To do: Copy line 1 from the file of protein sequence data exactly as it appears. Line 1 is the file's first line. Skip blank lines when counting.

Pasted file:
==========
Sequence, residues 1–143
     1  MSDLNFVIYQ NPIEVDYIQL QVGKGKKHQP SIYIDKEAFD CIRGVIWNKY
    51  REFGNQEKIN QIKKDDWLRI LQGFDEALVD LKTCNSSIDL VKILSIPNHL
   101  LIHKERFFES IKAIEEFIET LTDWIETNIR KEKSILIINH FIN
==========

Sequence, residues 1–143